One of the things I do at the end of each year is lay out a plan for the year so that I have some kind of road map for my goals. I break up my plan into three areas: professional (art), financial, and personal. I make list of everything I want to do, from how much money I hope to make, to the cities I hope to visit, to how many pieces I want to create and topics I want to explore in my art, to getting more disciplined around my body (yoga and healthy eating).
I then break up my lists into timelines for the year and charts, so that I have some kind of numerical indicator of how my goals will apply to my real life. At times, my close peeps look at my plan and think I'm crazy neurotic, and a bit excessive (control freak), but I have found that when I write things down and create a map for myself, I live a more intentional life. I am one of those people that does not have a routine, don't have a 9-5 job, no children - a life where I'm in different cities in different parts of the month - the chaos needs order.
Being an artist, or any creative person for that matter, is also one of the most erratic and unpredictable careers one can choose. So I am a believer in applying processes to everything we do as artists, essentially, to view ourselves as entrepreneurs and treat our art like its a business - a business in the sense that we have to invest the time and resources into it so that it can become something sustainable in the future. I used to think that somehow I would magically be discovered, or that my work would speak for itself - but these are all myths - the reality is that having a successful art career means being incredibly disciplined, around how you spend your time, to how you reinvest in yourself. Especially for me as a woman of color that is not formally trained - I KNOW for a fact that the art-world is white male dominated so I do not have expectations that opportunities will magically come to me. I have go out and get that sh*t.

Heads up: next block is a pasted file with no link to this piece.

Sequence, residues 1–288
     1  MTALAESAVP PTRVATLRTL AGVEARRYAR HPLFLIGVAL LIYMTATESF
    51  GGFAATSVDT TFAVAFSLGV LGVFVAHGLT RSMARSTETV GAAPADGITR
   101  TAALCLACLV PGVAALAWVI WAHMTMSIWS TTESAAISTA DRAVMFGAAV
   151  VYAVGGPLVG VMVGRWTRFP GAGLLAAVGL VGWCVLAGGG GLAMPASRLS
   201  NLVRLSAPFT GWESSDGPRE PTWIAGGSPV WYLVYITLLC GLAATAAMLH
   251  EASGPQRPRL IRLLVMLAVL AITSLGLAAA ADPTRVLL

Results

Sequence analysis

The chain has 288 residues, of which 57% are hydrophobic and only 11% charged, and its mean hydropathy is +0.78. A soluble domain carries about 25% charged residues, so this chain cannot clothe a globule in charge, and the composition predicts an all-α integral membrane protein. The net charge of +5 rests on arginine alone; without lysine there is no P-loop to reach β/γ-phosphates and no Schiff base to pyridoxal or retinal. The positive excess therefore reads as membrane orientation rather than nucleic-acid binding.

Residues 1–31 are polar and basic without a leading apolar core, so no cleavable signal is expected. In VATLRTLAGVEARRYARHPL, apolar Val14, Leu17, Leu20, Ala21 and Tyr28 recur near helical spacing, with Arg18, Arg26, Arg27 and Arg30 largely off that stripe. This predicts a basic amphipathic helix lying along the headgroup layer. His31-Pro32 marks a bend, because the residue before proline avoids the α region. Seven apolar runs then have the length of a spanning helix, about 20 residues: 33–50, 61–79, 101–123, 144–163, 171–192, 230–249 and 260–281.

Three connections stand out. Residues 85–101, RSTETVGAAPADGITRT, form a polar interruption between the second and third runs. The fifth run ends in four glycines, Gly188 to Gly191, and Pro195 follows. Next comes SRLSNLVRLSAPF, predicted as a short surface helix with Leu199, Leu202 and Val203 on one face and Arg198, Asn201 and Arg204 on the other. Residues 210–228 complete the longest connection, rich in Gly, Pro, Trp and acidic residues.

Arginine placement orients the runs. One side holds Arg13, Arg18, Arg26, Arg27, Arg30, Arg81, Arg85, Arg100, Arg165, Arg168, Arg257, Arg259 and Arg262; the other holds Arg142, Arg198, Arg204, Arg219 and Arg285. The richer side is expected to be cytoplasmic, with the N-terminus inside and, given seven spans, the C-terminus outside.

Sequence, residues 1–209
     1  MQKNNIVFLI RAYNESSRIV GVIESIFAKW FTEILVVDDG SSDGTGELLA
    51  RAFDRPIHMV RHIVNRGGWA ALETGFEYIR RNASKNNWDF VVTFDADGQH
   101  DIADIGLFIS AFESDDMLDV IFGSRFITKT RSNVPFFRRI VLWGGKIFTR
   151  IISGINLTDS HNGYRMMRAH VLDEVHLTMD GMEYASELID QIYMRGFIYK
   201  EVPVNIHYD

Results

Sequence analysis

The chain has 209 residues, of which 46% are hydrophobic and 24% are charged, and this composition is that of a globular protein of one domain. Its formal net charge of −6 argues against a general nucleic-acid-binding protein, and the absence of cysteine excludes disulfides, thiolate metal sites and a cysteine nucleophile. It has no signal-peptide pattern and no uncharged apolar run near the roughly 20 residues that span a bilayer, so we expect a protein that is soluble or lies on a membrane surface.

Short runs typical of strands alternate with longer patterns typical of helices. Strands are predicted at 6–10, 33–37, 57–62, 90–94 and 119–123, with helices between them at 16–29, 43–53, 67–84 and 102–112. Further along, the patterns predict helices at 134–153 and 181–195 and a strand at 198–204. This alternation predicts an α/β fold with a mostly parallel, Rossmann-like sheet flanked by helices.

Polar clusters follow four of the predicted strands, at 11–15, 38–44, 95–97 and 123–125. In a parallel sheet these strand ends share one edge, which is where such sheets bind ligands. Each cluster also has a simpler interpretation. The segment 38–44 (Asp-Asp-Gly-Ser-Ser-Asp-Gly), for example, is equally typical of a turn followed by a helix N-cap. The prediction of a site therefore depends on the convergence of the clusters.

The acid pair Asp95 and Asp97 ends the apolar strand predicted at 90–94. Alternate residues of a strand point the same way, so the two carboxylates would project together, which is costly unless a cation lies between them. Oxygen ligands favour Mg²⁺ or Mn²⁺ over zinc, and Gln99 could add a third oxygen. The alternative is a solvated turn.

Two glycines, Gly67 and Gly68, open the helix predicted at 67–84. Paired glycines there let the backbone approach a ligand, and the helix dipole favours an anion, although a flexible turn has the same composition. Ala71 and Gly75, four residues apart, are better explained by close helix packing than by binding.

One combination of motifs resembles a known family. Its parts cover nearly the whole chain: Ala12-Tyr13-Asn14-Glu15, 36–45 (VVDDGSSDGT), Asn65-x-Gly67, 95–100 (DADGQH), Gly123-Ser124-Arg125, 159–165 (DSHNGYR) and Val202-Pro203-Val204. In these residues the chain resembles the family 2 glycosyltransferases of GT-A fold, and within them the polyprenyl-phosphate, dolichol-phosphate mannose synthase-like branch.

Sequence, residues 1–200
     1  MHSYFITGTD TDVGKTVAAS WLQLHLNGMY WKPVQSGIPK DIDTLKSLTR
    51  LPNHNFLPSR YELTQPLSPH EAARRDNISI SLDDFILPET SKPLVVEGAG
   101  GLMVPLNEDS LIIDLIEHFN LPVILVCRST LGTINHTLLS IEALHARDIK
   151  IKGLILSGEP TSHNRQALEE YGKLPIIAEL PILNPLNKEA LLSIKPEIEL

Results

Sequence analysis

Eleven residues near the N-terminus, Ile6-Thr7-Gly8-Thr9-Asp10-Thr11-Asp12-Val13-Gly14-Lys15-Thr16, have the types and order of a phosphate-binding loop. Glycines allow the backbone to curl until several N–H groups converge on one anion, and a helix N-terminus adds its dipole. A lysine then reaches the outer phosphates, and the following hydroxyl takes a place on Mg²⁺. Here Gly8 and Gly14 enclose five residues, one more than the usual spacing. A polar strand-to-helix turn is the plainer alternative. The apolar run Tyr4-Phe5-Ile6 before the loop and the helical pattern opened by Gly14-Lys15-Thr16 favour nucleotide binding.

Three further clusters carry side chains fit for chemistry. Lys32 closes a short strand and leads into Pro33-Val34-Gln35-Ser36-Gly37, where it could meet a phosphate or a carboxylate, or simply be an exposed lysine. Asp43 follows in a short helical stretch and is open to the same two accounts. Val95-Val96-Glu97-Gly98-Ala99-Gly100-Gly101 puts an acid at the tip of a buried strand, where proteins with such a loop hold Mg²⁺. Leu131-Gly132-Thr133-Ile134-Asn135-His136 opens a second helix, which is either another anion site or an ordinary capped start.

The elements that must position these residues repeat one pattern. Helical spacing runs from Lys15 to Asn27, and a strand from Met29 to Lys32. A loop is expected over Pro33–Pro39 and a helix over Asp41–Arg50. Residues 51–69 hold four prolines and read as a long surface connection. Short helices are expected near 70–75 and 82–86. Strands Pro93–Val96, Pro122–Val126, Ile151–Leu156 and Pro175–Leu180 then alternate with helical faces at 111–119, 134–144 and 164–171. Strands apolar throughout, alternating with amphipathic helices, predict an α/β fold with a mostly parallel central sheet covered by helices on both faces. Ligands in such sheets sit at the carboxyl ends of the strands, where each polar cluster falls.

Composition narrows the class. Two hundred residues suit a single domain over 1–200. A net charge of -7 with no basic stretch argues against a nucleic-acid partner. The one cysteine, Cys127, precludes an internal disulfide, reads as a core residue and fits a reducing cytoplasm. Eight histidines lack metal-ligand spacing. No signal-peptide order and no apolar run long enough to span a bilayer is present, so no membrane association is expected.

In this entry I will focus on one area - which is - sustainability. As artists, I believe we need to have multiple revenue streams that sustain our practice. That means generating income from a different sources. In my case, those sources are art sales, commissions, grants, royalties & licensing, and speaking gigs. What I did this year is take my target income for the year and break it down according to each area. That helps me then determine how I need to spend my non-studio time. So for example, if I need to get a grant or grants worth $50,000 - then I know that I need to be consistent with appyling to grants. It has to be something I spend 2-3 hours per week, so that I can apply to various grants (considering I may only get 1-2 out of the 20 I apply to).
How does this help me in the day to day? Well, when I know that I need 2-3 hours per week to do grant research, then I plan for that time. Instead of going out to dinner and the club at 8 PM, I can stay at home, do some research, and go out, say at 11 PM. Maybe 3 less hours of fun time, but 3 more hours I invested into myself. Discipline is key.
Planning goes a long way. Setting goals is something everyone should do - even if its a list you do on a napkin, do that for yourself.
Here is another thing I do which perhaps is a bit excessive, but I will share anyway - I count the hours in a day and do the math. There are 24 hours in a day, 7 days in a week. That's 168 hours in a week. I need 9 hours of sleep cause I just do and I deserve my beauty rest- that means that I have 105 left to do other things. If I factor in 3 hours per day for meals, 1 daily hour exercising, 1/2 hour walking my dogs, 1 daily hour I spend in the car - that adds up to another 40 hours in the week. So I now have about 65 hours left. Substract my other jobs (30 hrs per week) and I have 35 hours left. I try to spend at least 30 hours a week on my art (people say I work too much - I know). So that leaves 5 hours in the week to do other things, like grocery shop, watch movies, go out on dates! WTF!? I am not in a relationship but if I was, my honey would not be too happy, that's for sure.